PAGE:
Tuesday, April 6, 2010

Made me want to spew my sausages

After meeting 11 year old aspiring poisoner Flavia de Luce in her first adventure, The Sweetness at the Bottom of the Pie, I was looking forward to reading about her latest escapades in The Weed That Strings the Hangman's Bag by Alan Bradley. This second installment takes place soon after the events of the last novel have wrapped up.

Flavia is still living in the old family mansion with her widowed father and her two odious sisters Feely and Daffy. The family is still subjected to the culinary disasters of Mrs. Mullet, the housekeeper, and the handyman Dogger is still hanging around. This time, however, the main focus of the novel seems to be puppets. A famous puppeteer and his assistant break down while traveling through Bishop's Lacey. Naturally, Flavia is nearby when the drama occurs, and she is quickly drawn into the action. The puppeteer, Rupert Porson, is persuaded to give a performance at the church while his vehicle is being repaired.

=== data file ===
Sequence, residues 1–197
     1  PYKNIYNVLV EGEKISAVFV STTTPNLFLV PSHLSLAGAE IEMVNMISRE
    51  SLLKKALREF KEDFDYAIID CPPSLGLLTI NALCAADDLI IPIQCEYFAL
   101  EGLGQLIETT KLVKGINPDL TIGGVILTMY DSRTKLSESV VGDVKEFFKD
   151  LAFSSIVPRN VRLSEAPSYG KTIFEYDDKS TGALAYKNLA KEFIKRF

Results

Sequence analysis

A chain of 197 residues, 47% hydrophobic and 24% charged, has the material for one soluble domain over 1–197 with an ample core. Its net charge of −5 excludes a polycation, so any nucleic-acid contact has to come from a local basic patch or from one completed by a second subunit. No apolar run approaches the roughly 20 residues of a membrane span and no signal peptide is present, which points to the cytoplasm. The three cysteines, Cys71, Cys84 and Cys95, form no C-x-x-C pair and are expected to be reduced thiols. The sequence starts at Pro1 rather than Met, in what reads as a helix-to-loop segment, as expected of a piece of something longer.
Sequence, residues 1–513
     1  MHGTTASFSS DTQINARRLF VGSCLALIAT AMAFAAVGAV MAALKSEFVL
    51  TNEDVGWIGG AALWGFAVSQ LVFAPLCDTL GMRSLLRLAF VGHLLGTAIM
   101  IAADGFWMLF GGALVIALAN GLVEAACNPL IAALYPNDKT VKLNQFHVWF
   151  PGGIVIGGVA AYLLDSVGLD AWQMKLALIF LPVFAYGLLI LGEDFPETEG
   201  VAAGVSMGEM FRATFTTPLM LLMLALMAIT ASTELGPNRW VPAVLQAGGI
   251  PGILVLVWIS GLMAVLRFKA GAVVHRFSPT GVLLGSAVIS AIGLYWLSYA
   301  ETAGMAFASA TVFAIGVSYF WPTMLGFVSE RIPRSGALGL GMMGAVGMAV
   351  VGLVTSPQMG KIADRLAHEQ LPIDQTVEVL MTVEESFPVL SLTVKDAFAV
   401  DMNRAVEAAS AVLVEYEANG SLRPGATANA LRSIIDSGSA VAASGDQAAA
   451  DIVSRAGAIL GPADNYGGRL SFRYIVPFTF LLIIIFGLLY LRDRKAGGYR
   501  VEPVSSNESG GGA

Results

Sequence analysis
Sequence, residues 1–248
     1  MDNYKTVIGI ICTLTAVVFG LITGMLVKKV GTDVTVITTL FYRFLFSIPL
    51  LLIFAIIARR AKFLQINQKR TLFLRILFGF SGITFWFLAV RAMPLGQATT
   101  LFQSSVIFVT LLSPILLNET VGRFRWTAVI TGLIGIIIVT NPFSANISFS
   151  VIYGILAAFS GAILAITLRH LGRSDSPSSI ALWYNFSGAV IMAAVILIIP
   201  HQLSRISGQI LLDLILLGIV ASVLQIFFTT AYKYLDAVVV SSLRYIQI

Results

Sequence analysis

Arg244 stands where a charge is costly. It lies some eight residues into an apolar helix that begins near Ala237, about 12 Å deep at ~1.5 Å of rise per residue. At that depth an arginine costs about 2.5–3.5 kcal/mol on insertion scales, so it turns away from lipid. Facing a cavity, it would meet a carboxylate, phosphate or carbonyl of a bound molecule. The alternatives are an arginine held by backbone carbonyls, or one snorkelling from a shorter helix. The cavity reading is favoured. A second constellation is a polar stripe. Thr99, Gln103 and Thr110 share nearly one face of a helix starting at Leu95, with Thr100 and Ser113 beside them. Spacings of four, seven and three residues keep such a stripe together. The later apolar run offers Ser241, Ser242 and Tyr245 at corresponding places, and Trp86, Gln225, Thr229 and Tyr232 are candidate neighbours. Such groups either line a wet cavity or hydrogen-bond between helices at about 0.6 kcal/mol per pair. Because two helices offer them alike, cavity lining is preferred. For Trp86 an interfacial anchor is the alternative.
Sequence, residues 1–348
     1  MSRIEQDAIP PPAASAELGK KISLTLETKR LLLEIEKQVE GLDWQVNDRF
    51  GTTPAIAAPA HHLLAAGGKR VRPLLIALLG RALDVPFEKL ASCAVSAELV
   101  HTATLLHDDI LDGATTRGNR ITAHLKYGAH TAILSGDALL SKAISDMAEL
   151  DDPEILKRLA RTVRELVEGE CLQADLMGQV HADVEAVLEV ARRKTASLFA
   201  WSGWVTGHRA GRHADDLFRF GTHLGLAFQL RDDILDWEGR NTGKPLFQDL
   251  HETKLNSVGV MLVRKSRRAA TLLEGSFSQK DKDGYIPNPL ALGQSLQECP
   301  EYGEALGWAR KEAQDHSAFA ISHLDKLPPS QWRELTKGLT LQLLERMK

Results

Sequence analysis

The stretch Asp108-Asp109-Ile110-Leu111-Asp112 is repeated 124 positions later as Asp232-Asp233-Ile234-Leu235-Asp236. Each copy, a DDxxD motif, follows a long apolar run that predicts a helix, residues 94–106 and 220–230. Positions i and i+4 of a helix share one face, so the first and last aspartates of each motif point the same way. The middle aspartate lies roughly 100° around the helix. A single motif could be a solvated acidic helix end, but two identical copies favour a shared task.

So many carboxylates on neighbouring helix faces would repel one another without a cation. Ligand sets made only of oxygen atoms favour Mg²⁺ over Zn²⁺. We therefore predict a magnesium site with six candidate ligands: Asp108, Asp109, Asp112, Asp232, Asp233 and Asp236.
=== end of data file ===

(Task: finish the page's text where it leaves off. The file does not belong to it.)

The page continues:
Thus, we learn waaaayyyy more than we needed to about the goings on behind the scenes (and on stage) of the puppet show. Naturally, someone is murdered during the show, and it's up to Flavia to rush around the village detecting while the slow-witted cops try to determine if a crime even occurred.

Flavia is as intelligent and occasionally devious as ever as she solves crimes and plots terrible revenge toward her sisters. This book, however, with its rather too in-depth descriptions of all things puppet-related sometimes left me cold. However, Flavia is such a unique character that even that was a small flaw in an otherwise enjoyable book. Here's looking forward to Flavia's next adventures!

Final Verdict for The Weed that Strings the Hangman's Bag: Three Gherkins, for being a generally enjoyable look at the latest adventures of Flavia and Gladys, her trusty bicycle


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